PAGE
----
6. What countries have you traveled to and was it difficult to travel to these destinations with a Pakistani passport?

I have been to 26 countries. I have been to Kenya, Uganda, and Tanzania in Africa. I’ve been to Malaysia, Indonesia, Thailand, Cambodia and Japan in Asia and then I’ve been to the US, Mexico and Cuba, a bunch of European countries and Dubai in the Middle East.

I’ve faced some difficulties traveling on a Pakistani passport, one example being the one I mentioned earlier about being detained at the airport in Cambodia. I was also rejected a visa to Zimbabwe. When I traveled to Tbilisi in Georgia, I was stopped and asked questions because of my passport. In Havana, they asked me to step outside of the queue, took my passport and asked me questions. Some countries also treat you differently because of skin color.


7. What countries were your favorite destinations and why?

Japan was a real favorite because it’s so fascinating. Every step you take you discover something really bizarre and strange that you haven’t experienced anywhere else. From those two vending machines that dispense out all kinds of unimaginable products to the techy toilets with all the buttons. I also loved their traditional and cultural elements like zen gardens and their minimal aesthetic in houses and shops. Getting to experience their overall approach to life certainly enticed me to visit again one day. 

I also loved Europe, it’s one of my favorite regions. I love the history, culture, architecture and old historical buildings. My favorite was Amsterdam in the Netherlands. In my experience, the people there are the most culturally tolerant people you can find in the world.

In Africa, I fell in love with Zanzibar. It is honestly one of the most beautiful coastal spots I’ve been to with the best beaches. I also really enjoyed Havana in Cuba. It’s very culturally unique and their life is so different after the years of tyranny they’ve experienced. The Internet is not available everywhere and you can only use internet cards in some designated spots in Havana.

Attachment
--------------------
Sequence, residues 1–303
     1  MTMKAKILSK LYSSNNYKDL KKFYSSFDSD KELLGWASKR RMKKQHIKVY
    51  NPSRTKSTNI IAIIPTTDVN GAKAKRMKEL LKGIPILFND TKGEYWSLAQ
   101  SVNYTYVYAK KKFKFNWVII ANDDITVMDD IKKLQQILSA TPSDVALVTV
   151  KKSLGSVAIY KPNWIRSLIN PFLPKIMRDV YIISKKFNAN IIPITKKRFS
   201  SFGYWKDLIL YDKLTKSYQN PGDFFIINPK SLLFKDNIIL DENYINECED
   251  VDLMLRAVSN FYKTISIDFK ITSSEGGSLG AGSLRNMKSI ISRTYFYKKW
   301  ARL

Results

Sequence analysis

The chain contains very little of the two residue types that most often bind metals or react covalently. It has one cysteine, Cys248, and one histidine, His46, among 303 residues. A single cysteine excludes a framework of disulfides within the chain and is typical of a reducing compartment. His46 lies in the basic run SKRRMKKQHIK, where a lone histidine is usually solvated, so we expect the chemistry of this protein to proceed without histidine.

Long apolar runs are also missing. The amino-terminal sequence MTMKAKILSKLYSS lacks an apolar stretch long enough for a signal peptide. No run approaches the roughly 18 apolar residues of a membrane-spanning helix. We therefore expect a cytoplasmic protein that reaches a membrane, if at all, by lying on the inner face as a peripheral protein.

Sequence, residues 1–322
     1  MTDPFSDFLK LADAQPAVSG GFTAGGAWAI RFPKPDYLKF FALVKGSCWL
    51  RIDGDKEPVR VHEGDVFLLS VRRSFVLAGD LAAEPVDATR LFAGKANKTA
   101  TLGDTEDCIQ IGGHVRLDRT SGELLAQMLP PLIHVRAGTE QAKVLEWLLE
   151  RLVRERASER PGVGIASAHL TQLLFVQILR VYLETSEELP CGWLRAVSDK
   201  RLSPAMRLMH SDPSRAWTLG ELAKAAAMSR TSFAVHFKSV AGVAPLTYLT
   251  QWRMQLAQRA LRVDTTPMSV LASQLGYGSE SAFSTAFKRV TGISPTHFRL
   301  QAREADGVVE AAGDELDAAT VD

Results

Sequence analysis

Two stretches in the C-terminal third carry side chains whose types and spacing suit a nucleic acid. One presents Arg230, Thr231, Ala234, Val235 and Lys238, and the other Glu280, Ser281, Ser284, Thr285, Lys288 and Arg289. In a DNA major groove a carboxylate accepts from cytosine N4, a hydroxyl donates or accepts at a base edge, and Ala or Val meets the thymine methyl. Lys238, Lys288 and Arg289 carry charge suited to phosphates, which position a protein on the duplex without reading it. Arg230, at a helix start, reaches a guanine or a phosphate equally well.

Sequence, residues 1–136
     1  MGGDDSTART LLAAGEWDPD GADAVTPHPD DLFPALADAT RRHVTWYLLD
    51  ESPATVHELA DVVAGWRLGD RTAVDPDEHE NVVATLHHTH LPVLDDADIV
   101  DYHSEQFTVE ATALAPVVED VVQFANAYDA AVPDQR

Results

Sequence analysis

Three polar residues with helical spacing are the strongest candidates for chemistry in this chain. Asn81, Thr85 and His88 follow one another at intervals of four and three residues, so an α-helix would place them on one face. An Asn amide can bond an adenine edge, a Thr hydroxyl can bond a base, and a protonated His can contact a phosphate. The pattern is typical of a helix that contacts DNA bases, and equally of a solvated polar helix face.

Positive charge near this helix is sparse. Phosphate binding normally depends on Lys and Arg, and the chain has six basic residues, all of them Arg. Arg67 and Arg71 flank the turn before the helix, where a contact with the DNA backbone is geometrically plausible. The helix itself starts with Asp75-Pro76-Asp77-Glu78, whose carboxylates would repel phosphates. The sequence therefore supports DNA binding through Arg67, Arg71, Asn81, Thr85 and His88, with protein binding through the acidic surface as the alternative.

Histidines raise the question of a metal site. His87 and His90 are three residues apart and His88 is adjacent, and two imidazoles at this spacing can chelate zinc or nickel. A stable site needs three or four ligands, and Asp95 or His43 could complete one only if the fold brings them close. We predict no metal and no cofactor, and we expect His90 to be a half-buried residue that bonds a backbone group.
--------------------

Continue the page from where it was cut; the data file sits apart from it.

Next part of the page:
8. Why do you believe it’s important for women of color to travel, and more importantly, to travel solo?

I believe traveling is important for everyone, but immensely important for us as women of color. We need representation and stories to be told from our lens. Travel media is predominantly white and male ± we need to break both those representations to be more inclusive.

When I look for vlogs on a particular destination, I am most likely to find a white person’s view and experience. But that view is not representative of what I would experience. We need to normalize women of color traveling and taking up positions in travel media and journalism.

We need to share the stories of our struggles and issues we’ve faced as brown travelers. Our voices will encourage those women of color who aren’t able to do what we are and our stories will motivate them to also take a step towards traveling more.

Enjoyed this interview? Check out our article on Inspiring Women of Color in Media.

Anam; born and living in Pakistan but global citizen at heart is madly in love with the world. She’s been traveling part-time for 6 years without quitting her career in advertising as a brand strategist and entrepreneur. Her gender, color and passport all make it difficult to travel the world freely but she’s a rebel at heart and has managed to travel to 26 countries across 4 continents so far. Check out her blog where she documents all her travels.